Advice for Moms

mommy2annaliese
Paycheck and taxes question..
October 13, 2012 at 2:45 PM
I am in the state of AL. I am working, my dh is not. What is the Medicare, social security percentage? Is it different in every state? We are very low income. Trying to see if I will have enough on payday for the power bill and water. my check before taxes should be 300.000
I didn't claim any exemptions, and under all boxes I put 0.
Any got any idea?

Replies

  • turtle07
    October 13, 2012 at 2:53 PM
    Bump
  • heidi749
    October 13, 2012 at 3:07 PM

     Sorry can not help you much, I am in Canada. But if it is like here, I would imagine your deductions would be less the $20. I work part time, and that is what I would pay out, if my pay was $300 before deductions, now my SO, half his paycheck goes to taxes & other deductions, because of how much he makes an hr.

  • CoeyG
    by CoeyG
    October 13, 2012 at 3:52 PM

    How much they take out of your pay for Medicare/SS depends upon how much you make.  I don't live in Alabama so I don't know how much of a percentage they would take out for you.  This is something you would have to go to your Human Resources to find out.

  • ashleybgarcia
    October 13, 2012 at 3:53 PM
    Go to a paycheck calculator online.
  • TeaHound
    October 13, 2012 at 4:06 PM
    If you have previous paychecks or pay info, like online records from direct deposit, you should be able to work backwards from there or find a check for close enough to the same amount.
    I would suggest changing your dependents to something like 10. That way you aren't getting as much $ taken out of your check.
  • sleepymommy87
    October 13, 2012 at 4:12 PM

    I would strongly recommend AGAINST this advice. If you put 10 you'll end up owing a hell of a lot of money come tax season. Putting 0 sucks throughout the year but it pretty much ensures never owing taxes.

    Quoting TeaHound:

    If you have previous paychecks or pay info, like online records from direct deposit, you should be able to work backwards from there or find a check for close enough to the same amount.
    I would suggest changing your dependents to something like 10. That way you aren't getting as much $ taken out of your check.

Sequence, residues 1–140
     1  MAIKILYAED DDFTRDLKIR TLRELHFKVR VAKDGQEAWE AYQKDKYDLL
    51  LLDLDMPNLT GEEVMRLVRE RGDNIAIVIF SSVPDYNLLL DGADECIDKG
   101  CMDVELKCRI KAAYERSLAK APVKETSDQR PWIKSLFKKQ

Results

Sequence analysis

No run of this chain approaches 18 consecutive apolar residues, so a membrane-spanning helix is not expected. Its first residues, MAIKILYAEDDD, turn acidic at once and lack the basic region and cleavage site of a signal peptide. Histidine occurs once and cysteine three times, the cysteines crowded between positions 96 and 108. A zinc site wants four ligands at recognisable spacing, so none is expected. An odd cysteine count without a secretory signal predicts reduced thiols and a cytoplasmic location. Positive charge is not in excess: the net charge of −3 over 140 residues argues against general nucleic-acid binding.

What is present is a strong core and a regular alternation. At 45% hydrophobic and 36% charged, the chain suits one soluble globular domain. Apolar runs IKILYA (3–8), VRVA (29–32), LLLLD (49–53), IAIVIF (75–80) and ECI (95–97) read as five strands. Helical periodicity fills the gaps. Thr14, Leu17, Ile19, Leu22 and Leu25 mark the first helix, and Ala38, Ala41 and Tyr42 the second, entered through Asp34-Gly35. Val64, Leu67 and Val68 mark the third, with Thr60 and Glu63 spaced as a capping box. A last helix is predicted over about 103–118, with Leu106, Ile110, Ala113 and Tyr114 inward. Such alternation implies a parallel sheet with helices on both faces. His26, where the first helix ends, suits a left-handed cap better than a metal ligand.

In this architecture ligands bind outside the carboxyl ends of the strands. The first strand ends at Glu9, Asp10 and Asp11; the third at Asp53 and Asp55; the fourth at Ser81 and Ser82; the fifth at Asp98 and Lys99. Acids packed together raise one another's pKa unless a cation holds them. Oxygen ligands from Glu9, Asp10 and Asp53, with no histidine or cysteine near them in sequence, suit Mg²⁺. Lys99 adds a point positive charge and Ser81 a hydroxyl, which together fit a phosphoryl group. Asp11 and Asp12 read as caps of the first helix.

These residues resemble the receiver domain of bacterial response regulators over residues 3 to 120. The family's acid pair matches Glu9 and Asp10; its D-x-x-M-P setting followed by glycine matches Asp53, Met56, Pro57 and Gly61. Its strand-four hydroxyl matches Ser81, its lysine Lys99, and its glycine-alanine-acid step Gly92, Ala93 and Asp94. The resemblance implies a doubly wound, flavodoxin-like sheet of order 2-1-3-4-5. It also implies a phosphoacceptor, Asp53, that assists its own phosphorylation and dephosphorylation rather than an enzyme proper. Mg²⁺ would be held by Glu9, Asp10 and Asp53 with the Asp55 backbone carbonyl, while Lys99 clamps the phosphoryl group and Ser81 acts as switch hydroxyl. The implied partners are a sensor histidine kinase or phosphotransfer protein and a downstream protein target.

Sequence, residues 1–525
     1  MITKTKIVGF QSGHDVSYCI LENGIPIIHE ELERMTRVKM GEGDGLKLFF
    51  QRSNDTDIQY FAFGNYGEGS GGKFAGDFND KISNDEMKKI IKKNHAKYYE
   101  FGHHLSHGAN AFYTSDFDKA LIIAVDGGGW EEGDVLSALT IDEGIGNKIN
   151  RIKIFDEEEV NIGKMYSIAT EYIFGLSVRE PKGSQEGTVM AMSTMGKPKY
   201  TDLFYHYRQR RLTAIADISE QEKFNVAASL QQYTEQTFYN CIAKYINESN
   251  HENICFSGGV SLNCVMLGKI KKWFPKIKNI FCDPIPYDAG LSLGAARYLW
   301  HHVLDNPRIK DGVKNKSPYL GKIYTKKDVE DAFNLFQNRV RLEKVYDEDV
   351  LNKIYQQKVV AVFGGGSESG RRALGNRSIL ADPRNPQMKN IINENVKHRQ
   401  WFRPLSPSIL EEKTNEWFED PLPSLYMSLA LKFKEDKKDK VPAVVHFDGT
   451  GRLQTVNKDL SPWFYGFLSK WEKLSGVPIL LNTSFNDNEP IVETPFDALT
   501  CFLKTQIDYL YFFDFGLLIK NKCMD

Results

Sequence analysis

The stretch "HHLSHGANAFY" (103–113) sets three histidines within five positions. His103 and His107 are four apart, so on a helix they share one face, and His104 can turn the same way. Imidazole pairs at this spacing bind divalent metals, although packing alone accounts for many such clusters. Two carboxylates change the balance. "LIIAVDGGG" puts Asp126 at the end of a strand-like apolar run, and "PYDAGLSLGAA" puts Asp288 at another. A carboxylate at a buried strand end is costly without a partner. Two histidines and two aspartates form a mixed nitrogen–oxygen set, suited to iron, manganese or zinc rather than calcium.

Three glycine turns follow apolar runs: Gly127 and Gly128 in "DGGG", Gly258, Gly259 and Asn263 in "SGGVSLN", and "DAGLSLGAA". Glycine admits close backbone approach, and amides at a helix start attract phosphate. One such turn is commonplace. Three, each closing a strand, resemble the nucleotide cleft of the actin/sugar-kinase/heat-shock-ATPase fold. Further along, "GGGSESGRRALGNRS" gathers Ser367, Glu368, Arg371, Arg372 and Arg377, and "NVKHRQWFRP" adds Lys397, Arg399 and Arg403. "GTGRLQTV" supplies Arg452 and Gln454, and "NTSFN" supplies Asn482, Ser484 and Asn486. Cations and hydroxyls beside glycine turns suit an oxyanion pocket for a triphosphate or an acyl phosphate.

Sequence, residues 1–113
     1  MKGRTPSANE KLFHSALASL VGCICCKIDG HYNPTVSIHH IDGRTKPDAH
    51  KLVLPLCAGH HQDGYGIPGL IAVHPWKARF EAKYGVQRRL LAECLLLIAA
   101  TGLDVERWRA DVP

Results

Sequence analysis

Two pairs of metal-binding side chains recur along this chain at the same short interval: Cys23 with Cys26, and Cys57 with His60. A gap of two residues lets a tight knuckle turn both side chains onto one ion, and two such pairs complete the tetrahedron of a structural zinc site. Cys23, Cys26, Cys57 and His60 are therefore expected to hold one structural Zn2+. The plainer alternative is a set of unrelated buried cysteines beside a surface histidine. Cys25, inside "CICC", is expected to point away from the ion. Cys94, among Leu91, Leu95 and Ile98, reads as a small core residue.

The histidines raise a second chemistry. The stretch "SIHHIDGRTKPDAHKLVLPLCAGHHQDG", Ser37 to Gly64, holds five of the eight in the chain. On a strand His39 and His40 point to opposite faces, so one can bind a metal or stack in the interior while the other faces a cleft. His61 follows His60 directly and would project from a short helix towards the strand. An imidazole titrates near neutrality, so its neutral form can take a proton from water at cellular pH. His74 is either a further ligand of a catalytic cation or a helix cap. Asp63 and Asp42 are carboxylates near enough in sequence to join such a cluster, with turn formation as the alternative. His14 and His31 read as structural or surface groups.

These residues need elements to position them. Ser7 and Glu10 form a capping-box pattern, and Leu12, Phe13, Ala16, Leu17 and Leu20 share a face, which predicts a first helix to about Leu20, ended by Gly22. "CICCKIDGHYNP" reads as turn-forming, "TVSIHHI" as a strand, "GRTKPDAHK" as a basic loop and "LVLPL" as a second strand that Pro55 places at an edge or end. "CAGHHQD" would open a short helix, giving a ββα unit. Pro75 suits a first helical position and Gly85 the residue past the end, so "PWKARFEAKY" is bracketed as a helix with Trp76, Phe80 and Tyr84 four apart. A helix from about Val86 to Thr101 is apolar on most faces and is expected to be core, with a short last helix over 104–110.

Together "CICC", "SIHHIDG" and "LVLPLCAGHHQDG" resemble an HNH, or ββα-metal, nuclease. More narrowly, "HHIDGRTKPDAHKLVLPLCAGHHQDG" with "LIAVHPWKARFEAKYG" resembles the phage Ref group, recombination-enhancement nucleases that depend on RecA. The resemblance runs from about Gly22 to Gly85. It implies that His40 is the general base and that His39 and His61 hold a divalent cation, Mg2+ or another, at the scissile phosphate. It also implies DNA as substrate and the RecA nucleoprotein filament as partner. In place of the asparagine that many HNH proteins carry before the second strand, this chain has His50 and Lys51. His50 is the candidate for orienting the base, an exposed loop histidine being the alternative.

• Tea4Tas
    by Tea4Tas
    October 13, 2012 at 4:23 PM


    Quoting sleepymommy87:

    I would strongly recommend AGAINST this advice. If you put 10 you'll end up owing a hell of a lot of money come tax season. Putting 0 sucks throughout the year but it pretty much ensures never owing taxes.

    Quoting TeaHound:

    If you have previous paychecks or pay info, like online records from direct deposit, you should be able to work backwards from there or find a check for close enough to the same amount.
    I would suggest changing your dependents to something like 10. That way you aren't getting as much $ taken out of your check.


    At $300 a week she is making $15,000 a year and with children would have NO tax liability even if they took NOTHING out.

    Preview of 2012 Tax Year

    Earned Income and adjusted gross income (AGI) must each be less than:

    • $45,060 ($50,270 married filing jointly) with three or more qualifying children
    • $41,952 ($47,162 married filing jointly) with two qualifying children
    • $36,920 ($42,130 married filing jointly) with one qualifying child
    • $13,980 ($19,190 married filing jointly) with no qualifying children

    Tax Year 2012 maximum credit:

    • $5,891 with three or more qualifying children
    • $5,236 with two qualifying children
    • $3,169 with one qualifying child
    • $475 with no qualifying children

    Investment income must be $3,200 or less for the year.


    EITC, the Earned Income Tax Credit, sometimes called EIC is a tax credit to help you keep more of what you earned. It is a refundable federal income tax credit for low to moderate income working individuals and families. Congress originally approved the tax credit legislation in 1975 in part to offset the burden of social security taxes and to provide an incentive to work. When EITC exceeds the amount of taxes owed, it results in a tax refund to those who claim and qualify for the credit.


    To qualify, you must meet certain requirements and file a tax return, even if you do not owe any tax or are not required to file.

    EITC and other Public Benefits

    Refunds received from Earned Income Tax Credit (EITC or EIC), Child Tax Credit (CTC) or any other tax credit are not considered income for any federal or federally funded public benefit program. Also, under the Tax Relief, Unemployment Insurance Reauthorization and Job Creation Act of 2010, your credit or other tax refund is not counted as a resource for at least 12 months from when your receive it. If you save your refund, federal or federally funded agencies will not use it to determine your eligibility or the amount of your benefit. This new rule is for refunds received after December 31, 2009 and through 2012. It is always best to check with your local benefit coordinator to find out if your benefits fall under this provision.